Trophically transmitted parasites frequently increase their hosts' risk-taking behaviour, to facilitate transmission to the next host. Whether such elevated risk-taking can spill over to uninfected group members is, however, unknown. To investigate this, we confronted groups of 6 three-spined sticklebacks, Gasterosteus aculeatus, containing 0, 2, 4 or 6 experimentally infected individuals with a simulated bird attack and studied their risk-taking behaviour. As a parasite, we used the tapeworm Schistocephalus solidus, which increases the risk-taking of infected sticklebacks, to facilitate transmission to its final host, most often piscivorous birds. Before the attack, infected and uninfected individuals did not differ in their risk-taking. However, after the attack, individuals in groups with only infected members showed lower escape responses and higher risk-taking than individuals from groups with only uninfected members. Importantly, uninfected individuals adjusted their risk-taking behaviour to the number of infected group members, taking more risk with an increasing number of infected group members. Infected individuals, however, did not adjust their risk-taking to the number of uninfected group members. Our results show that behavioural manipulation by parasites does not only affect the infected host, but also uninfected group members, shedding new light on the social dynamics involved in host-parasite interactions.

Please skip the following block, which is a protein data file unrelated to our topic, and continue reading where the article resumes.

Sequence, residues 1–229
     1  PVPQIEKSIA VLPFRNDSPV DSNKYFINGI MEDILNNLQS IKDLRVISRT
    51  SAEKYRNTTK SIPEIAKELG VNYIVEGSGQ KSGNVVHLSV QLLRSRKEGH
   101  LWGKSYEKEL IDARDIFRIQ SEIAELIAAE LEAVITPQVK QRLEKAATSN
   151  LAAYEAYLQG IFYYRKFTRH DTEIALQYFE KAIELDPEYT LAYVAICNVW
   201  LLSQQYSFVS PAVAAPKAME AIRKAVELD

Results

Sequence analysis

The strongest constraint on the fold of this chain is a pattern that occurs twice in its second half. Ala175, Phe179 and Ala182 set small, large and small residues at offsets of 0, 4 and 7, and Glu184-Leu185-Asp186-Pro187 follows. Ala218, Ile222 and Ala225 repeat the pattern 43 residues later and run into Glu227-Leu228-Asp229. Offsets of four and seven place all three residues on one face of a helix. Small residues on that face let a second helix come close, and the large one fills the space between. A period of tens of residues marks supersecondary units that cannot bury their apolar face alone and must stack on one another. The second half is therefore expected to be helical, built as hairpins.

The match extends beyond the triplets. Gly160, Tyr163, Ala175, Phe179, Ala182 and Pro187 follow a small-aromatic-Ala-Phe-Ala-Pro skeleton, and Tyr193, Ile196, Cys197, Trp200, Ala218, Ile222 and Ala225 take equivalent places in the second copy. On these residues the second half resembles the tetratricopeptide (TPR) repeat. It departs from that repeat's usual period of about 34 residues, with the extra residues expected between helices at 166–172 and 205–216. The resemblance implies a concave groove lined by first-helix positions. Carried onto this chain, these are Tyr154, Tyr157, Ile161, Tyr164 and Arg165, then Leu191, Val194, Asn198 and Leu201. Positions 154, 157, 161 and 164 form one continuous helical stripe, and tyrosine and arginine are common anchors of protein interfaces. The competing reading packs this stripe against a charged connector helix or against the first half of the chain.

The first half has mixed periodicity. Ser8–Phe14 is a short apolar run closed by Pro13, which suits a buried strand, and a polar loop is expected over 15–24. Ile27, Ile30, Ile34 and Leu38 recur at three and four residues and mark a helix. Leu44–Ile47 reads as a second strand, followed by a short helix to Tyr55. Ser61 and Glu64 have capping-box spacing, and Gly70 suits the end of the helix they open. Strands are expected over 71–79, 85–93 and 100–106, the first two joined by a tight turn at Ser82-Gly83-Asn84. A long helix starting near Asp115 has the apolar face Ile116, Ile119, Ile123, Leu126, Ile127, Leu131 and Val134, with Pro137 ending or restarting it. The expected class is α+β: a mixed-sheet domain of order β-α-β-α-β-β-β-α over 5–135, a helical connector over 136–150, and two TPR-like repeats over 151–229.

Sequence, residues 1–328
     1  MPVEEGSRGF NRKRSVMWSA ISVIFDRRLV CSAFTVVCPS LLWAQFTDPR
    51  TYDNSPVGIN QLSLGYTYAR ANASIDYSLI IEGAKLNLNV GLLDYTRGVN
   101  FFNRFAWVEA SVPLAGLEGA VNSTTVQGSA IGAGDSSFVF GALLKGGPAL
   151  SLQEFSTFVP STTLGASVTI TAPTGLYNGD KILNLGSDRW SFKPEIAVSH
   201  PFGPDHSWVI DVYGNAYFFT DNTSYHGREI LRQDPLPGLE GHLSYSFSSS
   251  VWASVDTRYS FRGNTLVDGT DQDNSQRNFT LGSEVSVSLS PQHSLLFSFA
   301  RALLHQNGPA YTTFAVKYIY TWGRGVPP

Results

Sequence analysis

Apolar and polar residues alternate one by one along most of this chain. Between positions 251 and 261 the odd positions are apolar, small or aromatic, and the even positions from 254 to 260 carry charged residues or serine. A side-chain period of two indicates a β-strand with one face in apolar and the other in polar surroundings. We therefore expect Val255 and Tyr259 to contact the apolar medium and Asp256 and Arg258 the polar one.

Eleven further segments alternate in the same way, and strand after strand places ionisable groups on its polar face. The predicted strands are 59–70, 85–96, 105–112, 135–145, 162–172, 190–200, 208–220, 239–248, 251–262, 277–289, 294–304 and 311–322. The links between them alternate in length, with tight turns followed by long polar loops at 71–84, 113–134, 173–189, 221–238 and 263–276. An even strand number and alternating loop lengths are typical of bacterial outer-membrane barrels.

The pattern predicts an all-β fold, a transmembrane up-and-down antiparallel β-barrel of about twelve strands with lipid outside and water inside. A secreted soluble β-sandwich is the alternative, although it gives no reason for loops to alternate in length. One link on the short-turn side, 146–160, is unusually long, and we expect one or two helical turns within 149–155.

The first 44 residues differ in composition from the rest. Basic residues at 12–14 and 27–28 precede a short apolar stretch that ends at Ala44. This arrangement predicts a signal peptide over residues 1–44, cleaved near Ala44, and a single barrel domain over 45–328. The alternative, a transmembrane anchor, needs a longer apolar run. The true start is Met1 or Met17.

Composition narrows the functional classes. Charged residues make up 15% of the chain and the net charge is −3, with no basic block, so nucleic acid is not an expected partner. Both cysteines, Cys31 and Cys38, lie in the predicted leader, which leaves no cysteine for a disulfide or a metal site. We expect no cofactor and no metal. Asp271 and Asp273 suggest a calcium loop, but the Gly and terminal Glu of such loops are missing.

Keywords: Gasterosteus aculeatus; Schistocephalus solidus; behavioural manipulation; group behaviour; quorum decision; risk-taking behaviour.
© 2018 The Authors.